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A Ban on WeChat and TikTok, a Disconnected World and Two Internets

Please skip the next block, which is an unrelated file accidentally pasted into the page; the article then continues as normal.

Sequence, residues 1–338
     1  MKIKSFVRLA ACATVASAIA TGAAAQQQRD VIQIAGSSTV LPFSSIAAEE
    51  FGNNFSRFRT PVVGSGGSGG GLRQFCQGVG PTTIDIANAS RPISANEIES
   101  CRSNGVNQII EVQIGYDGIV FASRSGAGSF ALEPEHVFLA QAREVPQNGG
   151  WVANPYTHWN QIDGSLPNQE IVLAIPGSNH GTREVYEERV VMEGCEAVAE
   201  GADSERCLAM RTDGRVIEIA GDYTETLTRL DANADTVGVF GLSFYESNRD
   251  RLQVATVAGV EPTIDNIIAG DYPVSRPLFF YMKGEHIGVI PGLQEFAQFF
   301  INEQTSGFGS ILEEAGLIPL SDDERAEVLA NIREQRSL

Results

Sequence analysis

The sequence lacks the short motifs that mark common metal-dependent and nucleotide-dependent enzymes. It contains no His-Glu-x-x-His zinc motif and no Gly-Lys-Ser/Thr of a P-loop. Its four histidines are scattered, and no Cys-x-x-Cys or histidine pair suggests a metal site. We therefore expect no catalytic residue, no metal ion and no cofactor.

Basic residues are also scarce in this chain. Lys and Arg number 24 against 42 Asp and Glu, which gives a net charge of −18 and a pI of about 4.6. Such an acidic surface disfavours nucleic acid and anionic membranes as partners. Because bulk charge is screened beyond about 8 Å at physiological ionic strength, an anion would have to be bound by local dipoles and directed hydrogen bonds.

President Trump’s new executive orders banning Chinese social media apps TikTok and WeChat marked a significant escalation in the ongoing technology tensions between the U.S. and China, according to analysts.On Aug. 6, 2020, Trump declared that TikTok and WeChat posed a threat to national security and invoked the International Emergency Economic Power Act. He prohibited Americans from carrying out any transactions with the parent companies of TikTok and WeChat beyond 45 days — meaning U.S. companies and individuals will not be able to advertise with the platforms, offer them for download via app stores, or enter into licensing agreements with them.WeChat logoVOA spoke with government officials, think tank experts and app users for perspective on the immediate and long-term implications of the decision to ban the two major Chinese apps.Two Internets: One controlled by US, other by ChinaMembers of the City Youth Organization hold posters with the logos of Chinese apps in support of the Indian government for banning the popular video-sharing ‘TikTok’ app, in Hyderabad on June 30, 2020.Mixed reaction from app usersTikTok is one of the world’s best-loved apps, with more than 800 million monthly active users in the United States.WeChat, while not as popular in the U.S. as TikTok, is extensively used by the Chinese diaspora to connect with family and friends in China.“I think my life will be hugely impacted if WeChat is banned,” said Helen, a Chinese international student at New York University (NYU). “WeChat is the only way of communication between me and my friends in China.”Most chatting apps, such as Line, WhatsApp, Facebook, and Instagram, are banned in China. Currently WeChat is the only “super app” connecting people living in the U.S. and China and offers cross-border payment options.Kevin, who works in a restaurant in New York’s Chinatown, told VOA that it would be hard for him to connect with family back home. “I know some people who have houses here for rent and live in China, they are using WeChat to collect rent. If the app is banned, it will be a big problem for them,” he said.Chinese Americans who spoke with VOA, meanwhile, do not seem to be concerned with the ban on WeChat.“It’s not going to stop people from making other apps to chat, I don’t know what’s the point,” said Stanley, a nurse living in New York.Monica Xu,  Wenhao Ma contributed to this report.